According to scientists at Carnegie Mellon University’s Dietrich College of Humanities and Social Sciences, close physical contact during hugging involves a sense of social support, which protects stressed people from getting sick.
The study led by Sheldon Cohen, found that greater social support and more frequent hugs protected people from the increased susceptibility to infection associated with being stressed and resulted in less severe illness symptoms.
Cohen said that they know that people experiencing ongoing conflicts with others are less able to fight off cold viruses and they also know that people who report having social support are partly protected from the effects of stress on psychological states, such as depression and anxiety. They tested whether perceptions of social support are equally effective in protecting us from stress-induced susceptibility to infection and also whether receiving hugs might partially account for those feelings of support and themselves protect a person against infection.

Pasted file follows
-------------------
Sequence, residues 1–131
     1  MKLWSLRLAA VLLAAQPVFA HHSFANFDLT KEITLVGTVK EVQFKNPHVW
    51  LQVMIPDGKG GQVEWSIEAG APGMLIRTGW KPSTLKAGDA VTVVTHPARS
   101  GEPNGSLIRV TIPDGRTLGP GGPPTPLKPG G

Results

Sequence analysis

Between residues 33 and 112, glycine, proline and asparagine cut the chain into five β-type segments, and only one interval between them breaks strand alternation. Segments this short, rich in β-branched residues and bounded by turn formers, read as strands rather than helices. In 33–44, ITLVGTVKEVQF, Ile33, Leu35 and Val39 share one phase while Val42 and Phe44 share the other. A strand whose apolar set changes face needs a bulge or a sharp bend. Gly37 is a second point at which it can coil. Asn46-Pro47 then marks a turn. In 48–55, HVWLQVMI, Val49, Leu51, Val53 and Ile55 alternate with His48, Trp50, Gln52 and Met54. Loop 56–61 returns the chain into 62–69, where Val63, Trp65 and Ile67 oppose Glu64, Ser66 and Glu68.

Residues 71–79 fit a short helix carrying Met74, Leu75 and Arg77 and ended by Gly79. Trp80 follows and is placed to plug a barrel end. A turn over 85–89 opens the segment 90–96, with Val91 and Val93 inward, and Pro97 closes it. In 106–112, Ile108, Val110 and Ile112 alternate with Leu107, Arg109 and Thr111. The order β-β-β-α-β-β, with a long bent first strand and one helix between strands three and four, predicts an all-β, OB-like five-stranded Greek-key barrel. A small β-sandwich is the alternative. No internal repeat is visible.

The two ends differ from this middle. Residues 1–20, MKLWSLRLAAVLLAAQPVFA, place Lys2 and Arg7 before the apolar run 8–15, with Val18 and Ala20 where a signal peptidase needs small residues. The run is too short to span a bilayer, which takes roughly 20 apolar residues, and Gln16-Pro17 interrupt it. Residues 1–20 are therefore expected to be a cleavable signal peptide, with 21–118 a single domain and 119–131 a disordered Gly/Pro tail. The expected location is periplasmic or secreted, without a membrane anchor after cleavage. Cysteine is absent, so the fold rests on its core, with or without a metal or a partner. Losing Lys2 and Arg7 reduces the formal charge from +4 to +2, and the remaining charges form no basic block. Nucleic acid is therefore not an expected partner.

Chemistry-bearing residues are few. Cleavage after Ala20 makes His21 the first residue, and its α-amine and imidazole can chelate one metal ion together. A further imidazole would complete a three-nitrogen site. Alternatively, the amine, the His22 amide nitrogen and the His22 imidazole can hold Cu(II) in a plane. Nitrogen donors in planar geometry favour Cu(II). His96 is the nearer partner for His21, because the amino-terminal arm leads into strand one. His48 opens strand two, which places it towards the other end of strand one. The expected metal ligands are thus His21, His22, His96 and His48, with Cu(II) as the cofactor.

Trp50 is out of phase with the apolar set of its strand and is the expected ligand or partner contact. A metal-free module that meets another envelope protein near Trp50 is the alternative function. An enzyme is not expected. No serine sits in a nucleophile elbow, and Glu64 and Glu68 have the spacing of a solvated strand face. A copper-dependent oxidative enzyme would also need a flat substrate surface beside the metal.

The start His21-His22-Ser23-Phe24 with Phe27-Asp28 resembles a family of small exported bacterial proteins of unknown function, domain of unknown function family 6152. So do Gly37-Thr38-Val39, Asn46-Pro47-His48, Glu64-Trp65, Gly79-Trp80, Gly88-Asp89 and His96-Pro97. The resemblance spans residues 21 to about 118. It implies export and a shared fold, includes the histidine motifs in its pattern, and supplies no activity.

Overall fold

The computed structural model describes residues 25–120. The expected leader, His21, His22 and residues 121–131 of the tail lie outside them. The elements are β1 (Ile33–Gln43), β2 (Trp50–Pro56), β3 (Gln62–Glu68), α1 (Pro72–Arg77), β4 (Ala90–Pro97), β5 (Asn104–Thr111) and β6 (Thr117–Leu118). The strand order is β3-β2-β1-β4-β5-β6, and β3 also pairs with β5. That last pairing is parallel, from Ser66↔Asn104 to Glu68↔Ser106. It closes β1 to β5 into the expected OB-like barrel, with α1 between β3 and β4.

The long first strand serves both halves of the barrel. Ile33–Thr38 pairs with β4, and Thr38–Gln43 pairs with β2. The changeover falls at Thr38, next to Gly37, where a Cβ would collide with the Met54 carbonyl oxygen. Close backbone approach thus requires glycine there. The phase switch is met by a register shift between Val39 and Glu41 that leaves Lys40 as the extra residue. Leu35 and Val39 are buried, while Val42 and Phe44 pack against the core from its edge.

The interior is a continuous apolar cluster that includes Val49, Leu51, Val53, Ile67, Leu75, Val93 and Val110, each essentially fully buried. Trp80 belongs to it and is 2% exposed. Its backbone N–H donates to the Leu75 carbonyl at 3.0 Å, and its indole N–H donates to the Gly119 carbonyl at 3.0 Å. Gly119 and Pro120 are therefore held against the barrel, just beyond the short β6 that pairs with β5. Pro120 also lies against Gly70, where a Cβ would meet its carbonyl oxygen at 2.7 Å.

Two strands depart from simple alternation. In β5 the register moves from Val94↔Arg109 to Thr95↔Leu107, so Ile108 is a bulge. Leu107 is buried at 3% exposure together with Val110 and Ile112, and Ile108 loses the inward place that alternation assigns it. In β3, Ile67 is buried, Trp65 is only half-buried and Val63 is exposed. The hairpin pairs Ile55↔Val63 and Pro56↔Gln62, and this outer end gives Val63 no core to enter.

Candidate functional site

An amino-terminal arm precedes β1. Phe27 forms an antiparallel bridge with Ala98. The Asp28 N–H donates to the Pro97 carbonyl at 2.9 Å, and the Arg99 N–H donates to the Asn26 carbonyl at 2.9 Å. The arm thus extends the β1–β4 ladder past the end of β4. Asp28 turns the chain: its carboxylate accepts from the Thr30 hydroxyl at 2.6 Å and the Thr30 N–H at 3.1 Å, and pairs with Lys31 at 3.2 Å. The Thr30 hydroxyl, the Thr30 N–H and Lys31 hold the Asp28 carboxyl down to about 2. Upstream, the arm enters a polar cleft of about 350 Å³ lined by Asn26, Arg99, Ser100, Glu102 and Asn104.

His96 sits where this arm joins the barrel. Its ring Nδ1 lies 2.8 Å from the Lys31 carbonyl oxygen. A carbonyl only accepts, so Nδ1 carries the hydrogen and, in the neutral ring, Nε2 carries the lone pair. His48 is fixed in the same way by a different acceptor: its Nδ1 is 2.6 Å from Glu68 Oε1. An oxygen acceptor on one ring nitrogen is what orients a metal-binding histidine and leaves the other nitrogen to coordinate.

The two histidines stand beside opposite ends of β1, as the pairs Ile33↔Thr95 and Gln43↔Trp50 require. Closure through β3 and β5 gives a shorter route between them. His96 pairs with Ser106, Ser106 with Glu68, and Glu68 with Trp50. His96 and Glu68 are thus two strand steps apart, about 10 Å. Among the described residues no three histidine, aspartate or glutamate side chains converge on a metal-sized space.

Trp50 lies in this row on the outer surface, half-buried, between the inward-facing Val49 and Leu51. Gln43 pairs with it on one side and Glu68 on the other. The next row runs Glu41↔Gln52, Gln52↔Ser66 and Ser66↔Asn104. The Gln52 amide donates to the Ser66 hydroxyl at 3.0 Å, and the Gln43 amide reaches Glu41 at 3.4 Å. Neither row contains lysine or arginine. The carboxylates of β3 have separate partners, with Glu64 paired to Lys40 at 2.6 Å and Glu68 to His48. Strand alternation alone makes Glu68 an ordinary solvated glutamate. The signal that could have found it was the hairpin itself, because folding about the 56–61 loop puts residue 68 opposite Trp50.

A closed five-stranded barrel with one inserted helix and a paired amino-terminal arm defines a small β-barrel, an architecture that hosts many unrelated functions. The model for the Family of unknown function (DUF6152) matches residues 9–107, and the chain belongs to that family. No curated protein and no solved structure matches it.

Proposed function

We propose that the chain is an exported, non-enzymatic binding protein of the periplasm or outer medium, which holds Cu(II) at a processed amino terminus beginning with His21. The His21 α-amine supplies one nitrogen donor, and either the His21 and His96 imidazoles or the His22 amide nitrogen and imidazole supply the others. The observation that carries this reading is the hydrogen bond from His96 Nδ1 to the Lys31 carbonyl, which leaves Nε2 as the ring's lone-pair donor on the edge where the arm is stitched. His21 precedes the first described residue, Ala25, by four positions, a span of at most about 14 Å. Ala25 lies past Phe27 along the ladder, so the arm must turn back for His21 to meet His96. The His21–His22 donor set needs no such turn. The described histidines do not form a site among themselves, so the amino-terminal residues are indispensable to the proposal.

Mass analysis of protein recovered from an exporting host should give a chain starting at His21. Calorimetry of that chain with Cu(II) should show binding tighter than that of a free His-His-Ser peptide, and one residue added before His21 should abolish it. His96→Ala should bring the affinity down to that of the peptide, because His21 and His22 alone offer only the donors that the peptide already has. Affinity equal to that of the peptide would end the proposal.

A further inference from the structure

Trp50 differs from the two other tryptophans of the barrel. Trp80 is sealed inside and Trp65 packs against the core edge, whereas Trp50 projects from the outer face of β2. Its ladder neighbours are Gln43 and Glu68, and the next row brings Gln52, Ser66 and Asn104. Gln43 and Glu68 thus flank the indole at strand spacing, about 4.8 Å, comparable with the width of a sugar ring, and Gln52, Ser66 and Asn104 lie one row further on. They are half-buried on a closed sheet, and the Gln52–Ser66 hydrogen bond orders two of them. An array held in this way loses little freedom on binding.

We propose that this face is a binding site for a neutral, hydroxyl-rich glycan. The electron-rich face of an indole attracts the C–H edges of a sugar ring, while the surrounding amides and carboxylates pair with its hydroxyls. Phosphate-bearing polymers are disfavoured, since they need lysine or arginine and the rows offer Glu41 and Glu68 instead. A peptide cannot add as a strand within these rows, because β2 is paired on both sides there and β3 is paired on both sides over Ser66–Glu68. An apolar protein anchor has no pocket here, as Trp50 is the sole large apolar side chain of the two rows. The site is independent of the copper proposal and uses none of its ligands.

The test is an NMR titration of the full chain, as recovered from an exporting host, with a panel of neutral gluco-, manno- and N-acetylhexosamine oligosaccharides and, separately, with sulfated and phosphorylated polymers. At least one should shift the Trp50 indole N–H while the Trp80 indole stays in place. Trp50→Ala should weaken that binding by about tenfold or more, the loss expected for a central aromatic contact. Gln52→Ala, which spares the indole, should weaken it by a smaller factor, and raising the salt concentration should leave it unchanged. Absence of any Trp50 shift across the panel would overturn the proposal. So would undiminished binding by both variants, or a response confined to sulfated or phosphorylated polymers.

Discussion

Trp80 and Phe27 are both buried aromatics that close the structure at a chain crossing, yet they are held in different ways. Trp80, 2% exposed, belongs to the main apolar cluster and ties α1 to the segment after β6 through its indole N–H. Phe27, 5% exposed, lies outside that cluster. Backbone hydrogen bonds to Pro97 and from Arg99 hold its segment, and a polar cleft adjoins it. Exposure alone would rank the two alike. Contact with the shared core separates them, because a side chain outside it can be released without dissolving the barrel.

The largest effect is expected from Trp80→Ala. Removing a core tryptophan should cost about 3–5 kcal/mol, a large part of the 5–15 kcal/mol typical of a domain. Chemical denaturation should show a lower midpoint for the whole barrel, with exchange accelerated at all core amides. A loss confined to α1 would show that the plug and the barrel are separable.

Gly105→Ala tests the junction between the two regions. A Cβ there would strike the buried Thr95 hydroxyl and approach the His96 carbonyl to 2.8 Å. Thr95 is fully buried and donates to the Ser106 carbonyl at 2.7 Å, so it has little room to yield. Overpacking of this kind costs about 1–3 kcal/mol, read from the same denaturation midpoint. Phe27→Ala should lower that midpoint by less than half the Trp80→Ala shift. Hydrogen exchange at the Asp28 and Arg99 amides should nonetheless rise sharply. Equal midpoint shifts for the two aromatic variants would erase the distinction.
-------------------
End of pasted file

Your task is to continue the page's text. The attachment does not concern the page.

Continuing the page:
The study approached 404 healthy adults and perceived support that was assessed by a questionnaire and frequencies of interpersonal conflicts and receiving hugs were derived from telephone interviews conducted on 14 consecutive evenings.
The results showed that perceived social support reduced the risk of infection associated with experiencing conflicts. Hugs were responsible for one-third of the protective effect of social support. Among infected participants, greater perceived social support and more frequent hugs both resulted in less severe illness symptoms whether or not they experienced conflicts.
Cohen said that this suggested that being hugged by a trusted person may acted as an effective means of conveying support and that increasing the frequency of hugs might be an effective means of reducing the deleterious effects of stress.